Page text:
Tomorrow will be a day off resting and trying to locate my glasses which went missing somewhere in the ambulance yesterday and they're my best glasses as they're my Cath Kidston grey tinted lenses ones that I use when I'm struggling with light sensitivity and I curently only own one pair of grey  tinted lenses, but I'm at the opticians on Wednesday so I'm going to get a second pair as I've found the tint really helpful and they don't look as bad in public compared to my purple Irlens lenses.

Right, I'm going to  finish there as I'm getting tired and nodding off as I type.

Monday, 12 March 2018

The Deep - Tue 6th March

I've not been well so this post comes a little late, but never later than never I say!

So last week I went over the bridge to Hull togo the The Deep with my carer for a day out. I went for their "Tranquil Tuesday" and called up to check that the event was happening and was told it was an all day even but when we got there we found that "Tranquil Tuesday" was after 3pm and we arrived at 12pm with 200 school children in the building. I and also the call handler may have gotten mixed up with their "Quiet Day" events which does make things confusing having two 'quiet events' on so in future I'm sticking to the Quiet Days as I really enjoyed that day when I went in the past - they have no school in and turn the lights up and he sound down so much much calmer!

Children and wheelchairs don't quite mix - in their excitement they want to be at the front of the tank and don't think about the wheelchair they've pack in around and that I can't see tank or that I can't manoeuvre my wheelchair anywhere. Plus I really could have taken my ear defenders with me!

The staff at The Deep where really great though and I got my entry ticket refunded over the confusion of the day's events. The catering the in the cafe is brilliant for allergies too - I managed to get a dairy, wheat and gluten free meal! The cafe also have wheelchair friendly tables and when we couldn't find a spare one in the main dining area two members of staff showed up to the upstairs dining area which was much nicer and quieter, plus it had a great view, and they asked us if we could fill in a comment cards comments come better from visitors than staff alone so we said how allergy friendly the cafe was but it would be better for the "wheelchair friendly tables" sign to say "reserved for wheelchair only" so that non-wheelchair users think more about where they choose to sit. We also said how the drinks mugs could be made bigger! (You an never have a big enough mug for Yorkshire Tea!) We also noted how helpful the staff were.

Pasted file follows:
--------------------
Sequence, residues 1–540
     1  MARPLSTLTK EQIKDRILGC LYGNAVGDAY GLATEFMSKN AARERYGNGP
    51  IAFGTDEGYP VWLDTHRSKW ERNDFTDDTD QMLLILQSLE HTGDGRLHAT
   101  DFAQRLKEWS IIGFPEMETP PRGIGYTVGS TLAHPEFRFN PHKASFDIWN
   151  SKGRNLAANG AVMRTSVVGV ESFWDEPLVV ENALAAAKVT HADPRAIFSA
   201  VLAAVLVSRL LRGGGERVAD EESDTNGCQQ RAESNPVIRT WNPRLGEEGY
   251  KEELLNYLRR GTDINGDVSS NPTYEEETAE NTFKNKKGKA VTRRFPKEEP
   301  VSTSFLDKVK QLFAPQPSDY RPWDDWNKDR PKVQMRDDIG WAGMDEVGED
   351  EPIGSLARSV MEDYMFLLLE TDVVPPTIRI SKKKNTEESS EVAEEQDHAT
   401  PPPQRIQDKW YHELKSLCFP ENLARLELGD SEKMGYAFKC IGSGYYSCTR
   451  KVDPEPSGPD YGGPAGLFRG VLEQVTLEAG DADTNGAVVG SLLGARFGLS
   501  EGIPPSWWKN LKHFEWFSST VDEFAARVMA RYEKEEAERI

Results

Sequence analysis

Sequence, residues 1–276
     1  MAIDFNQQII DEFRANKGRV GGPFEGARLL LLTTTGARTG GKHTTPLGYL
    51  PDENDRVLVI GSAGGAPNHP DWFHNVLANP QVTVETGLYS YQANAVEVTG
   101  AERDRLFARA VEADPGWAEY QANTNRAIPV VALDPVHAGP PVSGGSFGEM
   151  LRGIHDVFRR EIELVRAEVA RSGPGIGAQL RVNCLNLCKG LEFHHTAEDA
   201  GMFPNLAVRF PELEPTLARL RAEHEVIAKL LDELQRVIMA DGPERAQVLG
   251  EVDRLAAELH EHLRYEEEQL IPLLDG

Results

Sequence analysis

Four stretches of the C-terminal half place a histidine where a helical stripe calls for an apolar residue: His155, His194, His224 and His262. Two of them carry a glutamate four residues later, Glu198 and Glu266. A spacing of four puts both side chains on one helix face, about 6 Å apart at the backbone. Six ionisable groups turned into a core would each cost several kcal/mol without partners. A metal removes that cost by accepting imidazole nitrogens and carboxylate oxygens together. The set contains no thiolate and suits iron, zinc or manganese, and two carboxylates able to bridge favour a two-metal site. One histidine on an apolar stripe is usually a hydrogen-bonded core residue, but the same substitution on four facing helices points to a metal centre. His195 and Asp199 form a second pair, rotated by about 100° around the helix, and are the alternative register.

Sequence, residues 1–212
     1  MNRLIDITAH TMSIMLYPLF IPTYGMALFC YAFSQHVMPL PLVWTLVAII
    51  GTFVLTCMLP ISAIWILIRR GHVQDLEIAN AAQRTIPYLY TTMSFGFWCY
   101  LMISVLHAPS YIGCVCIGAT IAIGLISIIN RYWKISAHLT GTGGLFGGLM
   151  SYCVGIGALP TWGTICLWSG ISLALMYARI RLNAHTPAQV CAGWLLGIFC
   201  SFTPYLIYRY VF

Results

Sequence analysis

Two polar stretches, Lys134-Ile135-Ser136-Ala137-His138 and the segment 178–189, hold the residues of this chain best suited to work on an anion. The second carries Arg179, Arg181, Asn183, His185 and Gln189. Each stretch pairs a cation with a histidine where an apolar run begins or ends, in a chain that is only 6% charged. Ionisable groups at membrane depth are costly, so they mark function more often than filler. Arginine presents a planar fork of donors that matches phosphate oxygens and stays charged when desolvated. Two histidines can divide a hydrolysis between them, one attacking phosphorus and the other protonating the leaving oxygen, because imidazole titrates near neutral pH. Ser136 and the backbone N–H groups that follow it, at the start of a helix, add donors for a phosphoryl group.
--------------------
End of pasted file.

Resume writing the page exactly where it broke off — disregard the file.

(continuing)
There's a huge range of animals at The Deep from colourful neon anemone's, tropical fish, animals from the Amazon including vegetarian piranha's, snakes and poisonous dart frogs and even penguins. One of my favourite animals are the jellyfish - I find them fascinating creatures and amazing to watch them move. I love all the colourful fish and anemone's too.

It's a day I'd really recommend and if you're a fellow spoonie I'd plan to go after 3pm (they close at 6pm) when the schools have gone home or go on one of their Quiet Days events which have BSL talks too, plus your entry ticket is valid for a year and carers get in for free.

I took lots of photographs but below are a few of my favourites...










Monday, 5 March 2018

A Post to End Eating Disorders Awareness Week

Some statistics from Beat...



  • It is estimated that 1.25 million people in the UK have some form of an Eating Disorder but this number doesn't include those undiagnosed or recognise they are ill.
  • Eating Disorders don'e discriminate, they affect anyone of any age, gender, race or background.
  • It is estimated that 1 in 4 suffered of Anorexia or Bulimia are male.
  • 4% of the UK population will suffer from some form of eating disorder int heir lifetime; many more people will be affected by the effects such as friends, family member and colleagues.
  • There is no one single cause of an Eating Disorder, research is being done to understand more but it is likely that is is a combination of genetic, biological, psychological and environmental factors.